Early this week, I completed the written portion of my comprehensive exams. In the PhD in Health at Dalhousie University, this process involved taking exactly 6 weeks to write three 15-20 page essays (plus references) on three questions that are directly relevant to my proposed study. In about two weeks, I will meet with my comps committee for the oral defence of my essays.
Before starting my comps, I found pretty much zero tips to guide me in getting through it. So I fumbled around and, guess what?, I made it happen. As will you! But, in case you like to have ideas in advance, below are four tips that I figured out along the way.
Tip 1. Get a reference manager and fill it
Collect articles in a reference manager that will let you cite in-text and automatically generate a reference list. I used zotero because I really like the Chrome extension that lets me easily clip any article I find online directly to zotero. I know that other PhDers are using Mendeley and loving it. Some labs use RefWorks with Write-n-Cite.
The only downfall I’ve seen with using a reference manager to automatically generate your reference list is that you really need to make sure that your references are properly entered into the ref manager in the first place. The biggest issue that I had to keep fussing with was the title needing to be all in lower case except the very first word, the first word after the colon, and proper nouns (APA style).
Another issue was that the author’s full name needs to be consistently entered. For example, you couldn’t enter my name as Squires, B.J. and Squires, Bonita for two separate publications, or it will cite the author in text with the first name or initials to show that it thinks they are two different people.
Tip 2. Use a time tracker app
I knew that I needed something to motivate me to write every day. I also knew that I love looking at pretty data (what researcher doesn’t!). So I realized that I wanted a visual representation showing me how much time I spent on my comps every day.
I ended up using a simple, free online time tracker called Toggl. It’s designed for businesses to have employees track the time they spend on different projects but it was perfect for my purposes.
So motivating! I even did some of my own calculations and figured out my mean number of hours per day and the standard deviation…
It also spits out how much time I spent on different tasks if I’ve been diligent about identifying them (I was). So now I can look at how much time I spent on each essay doing the readings versus writing the paper itself and compare across all three essays! Doesn’t that sound exciting! Below you can see my breakdown for the last week of my comps:
Maybe you don’t want to use a time tracker app? Fine, but find something that motivates you that taps into the tried-and-true motivators that game theorists have known for decades: we like to see progress. We love it. Even the littlest accomplishment can be motivating. Maybe you would prefer to stick a star on your wall for each half hour you spend working on your writing. Or perhaps you plan to report to a friend every day on what you’ve accomplished. Whatever it is, commit to it.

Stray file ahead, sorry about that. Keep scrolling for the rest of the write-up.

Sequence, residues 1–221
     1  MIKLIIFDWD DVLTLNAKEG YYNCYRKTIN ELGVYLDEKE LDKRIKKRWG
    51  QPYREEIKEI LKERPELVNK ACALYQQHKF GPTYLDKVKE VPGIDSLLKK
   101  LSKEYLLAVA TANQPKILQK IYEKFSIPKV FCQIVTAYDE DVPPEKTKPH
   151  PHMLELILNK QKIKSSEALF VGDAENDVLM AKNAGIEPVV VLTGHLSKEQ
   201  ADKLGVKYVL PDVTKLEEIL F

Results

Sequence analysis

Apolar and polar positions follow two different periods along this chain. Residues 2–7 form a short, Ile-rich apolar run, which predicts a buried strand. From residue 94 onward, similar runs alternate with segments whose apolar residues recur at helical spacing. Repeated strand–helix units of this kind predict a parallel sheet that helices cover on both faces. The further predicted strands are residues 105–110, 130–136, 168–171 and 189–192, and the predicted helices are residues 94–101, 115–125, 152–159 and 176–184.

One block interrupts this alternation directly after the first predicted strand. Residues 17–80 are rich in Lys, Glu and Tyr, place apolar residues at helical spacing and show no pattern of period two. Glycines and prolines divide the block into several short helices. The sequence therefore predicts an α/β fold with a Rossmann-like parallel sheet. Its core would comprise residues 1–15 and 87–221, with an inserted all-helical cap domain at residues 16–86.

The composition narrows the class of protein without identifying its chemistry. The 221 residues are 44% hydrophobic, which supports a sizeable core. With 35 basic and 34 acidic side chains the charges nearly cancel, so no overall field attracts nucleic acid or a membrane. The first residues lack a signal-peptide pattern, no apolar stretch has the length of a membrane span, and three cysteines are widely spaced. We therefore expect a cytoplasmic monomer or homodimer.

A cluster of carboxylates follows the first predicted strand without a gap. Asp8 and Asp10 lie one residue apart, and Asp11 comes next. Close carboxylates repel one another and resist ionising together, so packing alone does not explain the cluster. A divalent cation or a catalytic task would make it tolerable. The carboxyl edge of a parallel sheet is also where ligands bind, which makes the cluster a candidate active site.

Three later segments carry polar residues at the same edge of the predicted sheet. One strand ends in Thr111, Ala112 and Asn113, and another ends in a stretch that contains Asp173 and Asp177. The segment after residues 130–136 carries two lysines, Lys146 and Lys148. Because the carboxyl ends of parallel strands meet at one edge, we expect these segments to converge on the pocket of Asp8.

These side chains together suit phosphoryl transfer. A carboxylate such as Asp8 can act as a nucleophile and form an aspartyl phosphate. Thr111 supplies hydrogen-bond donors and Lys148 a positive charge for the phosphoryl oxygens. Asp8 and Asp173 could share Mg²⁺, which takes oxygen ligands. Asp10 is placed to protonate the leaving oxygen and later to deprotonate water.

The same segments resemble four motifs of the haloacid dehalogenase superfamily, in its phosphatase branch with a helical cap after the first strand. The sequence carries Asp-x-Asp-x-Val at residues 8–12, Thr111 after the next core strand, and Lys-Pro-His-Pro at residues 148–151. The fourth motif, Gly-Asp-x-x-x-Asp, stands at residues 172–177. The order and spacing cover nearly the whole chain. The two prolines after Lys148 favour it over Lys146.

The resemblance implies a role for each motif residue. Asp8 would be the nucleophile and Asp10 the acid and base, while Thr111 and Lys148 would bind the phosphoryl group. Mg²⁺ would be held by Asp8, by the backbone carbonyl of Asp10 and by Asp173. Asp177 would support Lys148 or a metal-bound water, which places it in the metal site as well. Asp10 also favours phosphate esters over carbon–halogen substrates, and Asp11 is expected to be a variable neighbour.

Tip 3. Give yourself time to think
On my first day after I received my comps questions, I hacked out a simple outline for each paper based on what I knew already. In the end, I didn’t use any of those outlines.
As I delved into readings and tried to write, I would constantly realize how certain ideas tied in to other ideas, or how the literature lent itself to a certain storyline that I hadn’t thought about.
Sometimes I would pace my apartment, thinking, “Does that argument really make sense?“. Or wake up and lie there, thinking, “How come no one’s studied that yet? How will I argue my point now?”. Or walk my dog, thinking, “Somehow I need to tie in that other idea, where should it go?”.
The important thing that I realized was that I couldn’t stress out while I was thinking. I couldn’t let anxiety build up over not being in the midst of adding words to the page. I can’t even tell you how much I wrote that I ended up erasing… it was probably equivalent to the amount of writing that I ended up submitting. Some of that could have been avoided if I had let myself think more first.
4. Own your writing time
Find the best and most productive times for you to write and stick to them. I happen to be most lucid and productive late at night. By the time 10:30pm rolls around, suddenly I get a razor-sharp focus and tappity-tap goes my keyboard. But of course, that means I’m writing until at least 2am. Clearly, I was not getting up at 7:30am to be ready to write again at 9am.
I found it really hard to try to justify to people why I wasn’t getting up early in the morning (edit: in the morning, period) to “be productive” because “that’s the best time of the day to get things done” and “by the afternoon you already have so much under your belt“… No.
I won’t be shamed. There are plenty of personal and brain-based reasons as to why I go to bed so late and would really prefer to get up late too. Early mornings are just not how my brain or my life works. I finally decided to just own it.
If you’re an early morning person then kudos to you. Own that. If that’s when you’re most productive and that means people try to shame you about why you need to go to bed so early (“but the night is young!“, “live a little!“), don’t listen. Find your sweet writing time and own it.
All in all, I managed to submit my essays on time without undue stress and I feel proud of what I pulled together. I also learned a lot. My writing improved, my writing process became more efficient, and I feel so much more comfortable with the literature in my field.
It was a dynamic and rewarding process and I can honestly say that (assuming I pass the written portion…) I truly am looking forward to the oral defence!